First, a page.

What is Search Engine Optimization (SEO)? Do I need it? Why is it so expensive? If you’re a small business owner, you may be asking yourself these very questions. However, the answers can be  complicated. Do a Google search—you will find out just how complicated. I’m going to offer the simplest definition you will find on the Web:

SEO is the process of increasing visibility in search engine results (Google, Yahoo, Bing).

From a metaphorical perspective, SEO is used to draw visitors to websites through Search Engine Results Pages (SERP), while usability is the glue that keeps visitors engaged with your website. Obviously there is more to SEO than that,  involving a number of variables, which I’ll concentrate on for the rest of this post.

Fundamentally, most small businesses believe Website aesthetics and functionality are the main factors involved in Website usability. Although each of these factors is highly important for the user experience, *most* Websites need a high SEO ranking to drive traffic to the site. I’ll get to the *most* later in the post.

Before a user determines whether they are going to remain on a site because of ease of use or an elegant design, they must first be aware that the site exists. Many web searchers are not even aware that certain websites live on the Web because they are not visible to search engine spiders, or they do not receive high ranking based on organic ranking algorithms. In their research concentrating on Fusing website usability and search engine optimization, Visser and Wideman suggest that each of these important elements of web searching depend on a number of pre-programmed rules that correspond with the conceptual models of the internet. To achieve a high ranking, SEO is used to optimize a Website so it appears high up in search SERPs. Largely, the SEO process improves website visibility to search engine algorithms. Upon searching the Web, users obtain results for their specific search based on SERPs, which are categorized into two sections:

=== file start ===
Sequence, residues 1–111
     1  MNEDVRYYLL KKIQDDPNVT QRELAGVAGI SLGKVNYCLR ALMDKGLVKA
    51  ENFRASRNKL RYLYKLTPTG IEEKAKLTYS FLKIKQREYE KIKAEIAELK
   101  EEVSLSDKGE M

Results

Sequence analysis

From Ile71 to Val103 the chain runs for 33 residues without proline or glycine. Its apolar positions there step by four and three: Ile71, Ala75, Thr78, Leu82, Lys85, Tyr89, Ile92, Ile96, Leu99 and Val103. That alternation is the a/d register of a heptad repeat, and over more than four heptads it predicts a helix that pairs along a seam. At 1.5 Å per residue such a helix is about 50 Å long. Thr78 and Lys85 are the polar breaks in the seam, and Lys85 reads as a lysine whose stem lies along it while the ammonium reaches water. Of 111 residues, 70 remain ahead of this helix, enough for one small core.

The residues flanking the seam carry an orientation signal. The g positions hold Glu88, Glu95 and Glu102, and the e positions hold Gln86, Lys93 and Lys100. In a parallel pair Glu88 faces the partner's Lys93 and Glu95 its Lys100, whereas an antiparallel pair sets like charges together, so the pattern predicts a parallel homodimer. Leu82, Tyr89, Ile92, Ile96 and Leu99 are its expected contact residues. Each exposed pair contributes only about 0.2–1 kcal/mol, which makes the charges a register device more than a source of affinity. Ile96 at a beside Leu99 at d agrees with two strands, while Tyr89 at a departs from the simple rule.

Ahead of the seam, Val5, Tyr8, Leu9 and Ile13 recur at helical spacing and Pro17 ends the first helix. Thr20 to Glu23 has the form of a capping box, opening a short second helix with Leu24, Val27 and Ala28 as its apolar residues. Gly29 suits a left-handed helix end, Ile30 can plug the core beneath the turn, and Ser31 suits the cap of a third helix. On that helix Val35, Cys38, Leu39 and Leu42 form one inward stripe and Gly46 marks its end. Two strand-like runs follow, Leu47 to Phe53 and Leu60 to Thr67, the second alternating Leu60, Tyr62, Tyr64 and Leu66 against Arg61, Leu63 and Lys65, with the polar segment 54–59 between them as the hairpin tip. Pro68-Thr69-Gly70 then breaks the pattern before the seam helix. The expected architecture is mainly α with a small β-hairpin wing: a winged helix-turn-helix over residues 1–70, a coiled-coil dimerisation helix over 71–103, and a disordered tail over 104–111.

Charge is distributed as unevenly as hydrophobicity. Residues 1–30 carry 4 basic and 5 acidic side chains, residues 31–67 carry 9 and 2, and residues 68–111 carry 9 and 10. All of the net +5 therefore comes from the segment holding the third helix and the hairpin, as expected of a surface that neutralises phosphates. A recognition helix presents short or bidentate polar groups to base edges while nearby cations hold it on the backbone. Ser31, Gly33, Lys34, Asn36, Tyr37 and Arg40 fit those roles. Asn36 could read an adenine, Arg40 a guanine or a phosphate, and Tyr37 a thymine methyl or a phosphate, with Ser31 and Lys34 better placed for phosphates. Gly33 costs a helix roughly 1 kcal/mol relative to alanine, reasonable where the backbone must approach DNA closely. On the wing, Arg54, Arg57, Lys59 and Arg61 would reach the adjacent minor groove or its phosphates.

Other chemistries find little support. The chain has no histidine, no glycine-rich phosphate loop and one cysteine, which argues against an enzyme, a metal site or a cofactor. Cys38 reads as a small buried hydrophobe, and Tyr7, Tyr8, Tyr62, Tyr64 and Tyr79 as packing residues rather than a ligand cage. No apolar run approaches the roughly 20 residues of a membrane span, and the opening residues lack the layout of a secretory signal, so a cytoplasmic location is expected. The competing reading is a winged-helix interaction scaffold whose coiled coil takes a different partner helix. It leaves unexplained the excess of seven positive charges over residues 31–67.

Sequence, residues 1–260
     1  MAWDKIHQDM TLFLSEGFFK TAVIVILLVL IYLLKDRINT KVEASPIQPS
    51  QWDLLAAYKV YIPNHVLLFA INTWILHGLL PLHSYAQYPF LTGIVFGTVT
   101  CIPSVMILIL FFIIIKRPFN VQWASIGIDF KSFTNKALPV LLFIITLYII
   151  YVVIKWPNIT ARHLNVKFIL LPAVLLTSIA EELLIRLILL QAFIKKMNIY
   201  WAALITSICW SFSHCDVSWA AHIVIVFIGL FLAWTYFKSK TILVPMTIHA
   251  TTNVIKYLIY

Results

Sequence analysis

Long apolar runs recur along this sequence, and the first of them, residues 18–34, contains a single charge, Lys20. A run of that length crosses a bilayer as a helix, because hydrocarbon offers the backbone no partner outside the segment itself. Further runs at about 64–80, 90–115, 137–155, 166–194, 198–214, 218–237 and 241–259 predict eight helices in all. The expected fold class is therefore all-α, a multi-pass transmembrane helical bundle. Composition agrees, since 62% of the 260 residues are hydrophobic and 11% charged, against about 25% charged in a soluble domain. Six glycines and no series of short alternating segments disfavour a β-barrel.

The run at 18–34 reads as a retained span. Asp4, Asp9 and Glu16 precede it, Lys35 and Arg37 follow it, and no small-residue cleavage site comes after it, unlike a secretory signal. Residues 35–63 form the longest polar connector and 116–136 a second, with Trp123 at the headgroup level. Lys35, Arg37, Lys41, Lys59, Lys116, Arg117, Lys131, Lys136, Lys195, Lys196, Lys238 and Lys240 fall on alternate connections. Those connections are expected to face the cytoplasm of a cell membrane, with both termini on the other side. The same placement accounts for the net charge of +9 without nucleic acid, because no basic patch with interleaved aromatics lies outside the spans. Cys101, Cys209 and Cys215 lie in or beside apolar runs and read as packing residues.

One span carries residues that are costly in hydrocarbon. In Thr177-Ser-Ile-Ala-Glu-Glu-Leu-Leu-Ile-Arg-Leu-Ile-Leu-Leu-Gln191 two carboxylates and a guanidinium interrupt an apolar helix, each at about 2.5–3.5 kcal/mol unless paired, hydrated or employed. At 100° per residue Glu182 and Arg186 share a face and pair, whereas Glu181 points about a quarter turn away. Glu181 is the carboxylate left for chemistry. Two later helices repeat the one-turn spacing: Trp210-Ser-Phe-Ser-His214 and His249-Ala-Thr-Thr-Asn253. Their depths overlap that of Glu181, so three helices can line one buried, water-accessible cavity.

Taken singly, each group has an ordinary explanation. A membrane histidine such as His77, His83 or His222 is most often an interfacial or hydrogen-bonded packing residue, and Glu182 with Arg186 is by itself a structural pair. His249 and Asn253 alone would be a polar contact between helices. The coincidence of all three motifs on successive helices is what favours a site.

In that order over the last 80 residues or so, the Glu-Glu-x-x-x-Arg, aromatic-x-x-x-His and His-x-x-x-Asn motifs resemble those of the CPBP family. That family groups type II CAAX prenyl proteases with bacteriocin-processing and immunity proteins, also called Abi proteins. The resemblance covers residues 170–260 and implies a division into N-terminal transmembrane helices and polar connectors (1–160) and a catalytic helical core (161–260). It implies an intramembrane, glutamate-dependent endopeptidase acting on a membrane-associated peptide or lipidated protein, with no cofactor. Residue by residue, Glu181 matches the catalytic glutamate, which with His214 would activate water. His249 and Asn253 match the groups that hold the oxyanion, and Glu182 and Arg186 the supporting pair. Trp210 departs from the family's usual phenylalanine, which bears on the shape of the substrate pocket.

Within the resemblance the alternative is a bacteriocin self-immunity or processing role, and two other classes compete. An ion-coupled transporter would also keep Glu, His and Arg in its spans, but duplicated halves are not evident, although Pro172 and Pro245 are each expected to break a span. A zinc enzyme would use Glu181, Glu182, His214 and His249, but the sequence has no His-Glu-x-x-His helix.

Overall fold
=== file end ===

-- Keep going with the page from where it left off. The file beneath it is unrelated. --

1. Organic – Occupies the primary real estate of the SERP
  2. Pay per click (PPC) – occupies the right-hand sides and sometimes the tops of the SERPs

Image Source: WikiSeo

An important note concerning SERP vs. PPC results is that the majority of user clicks come from SERP results rather than PPC ads. WordStream customer data suggests that side and bottom ads account for just 14.6 percent of total clicks.

Image Source: SearchEngineLand

Generally speaking, research shows that Web searchers view no more than three SERPs for any particular search query.  In fact, the closer any particular web page ranks to the first position on the first SERP, the higher the chances are for searchers to view that particular web page. Ultimately, searchers don’t typically scroll down to the bottom of the SERP, and very rarely go beyond the first page. Unfortunately, most small business owners are completely unaware of SEO. Correspondingly, the few that do understand SEO have no idea how to effectively integrate the services into their organizational strategy.